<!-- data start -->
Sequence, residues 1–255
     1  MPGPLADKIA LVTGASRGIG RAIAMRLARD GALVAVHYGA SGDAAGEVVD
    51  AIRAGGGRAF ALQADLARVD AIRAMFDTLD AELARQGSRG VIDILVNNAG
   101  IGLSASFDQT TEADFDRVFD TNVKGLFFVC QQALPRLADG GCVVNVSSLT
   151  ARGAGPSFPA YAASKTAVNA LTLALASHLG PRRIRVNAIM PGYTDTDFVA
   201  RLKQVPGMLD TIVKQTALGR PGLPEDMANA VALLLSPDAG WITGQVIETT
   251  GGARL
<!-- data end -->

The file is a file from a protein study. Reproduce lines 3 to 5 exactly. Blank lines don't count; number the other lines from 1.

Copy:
    51  AIRAGGGRAF ALQADLARVD AIRAMFDTLD AELARQGSRG VIDILVNNAG
   101  IGLSASFDQT TEADFDRVFD TNVKGLFFVC QQALPRLADG GCVVNVSSLT
   151  ARGAGPSFPA YAASKTAVNA LTLALASHLG PRRIRVNAIM PGYTDTDFVA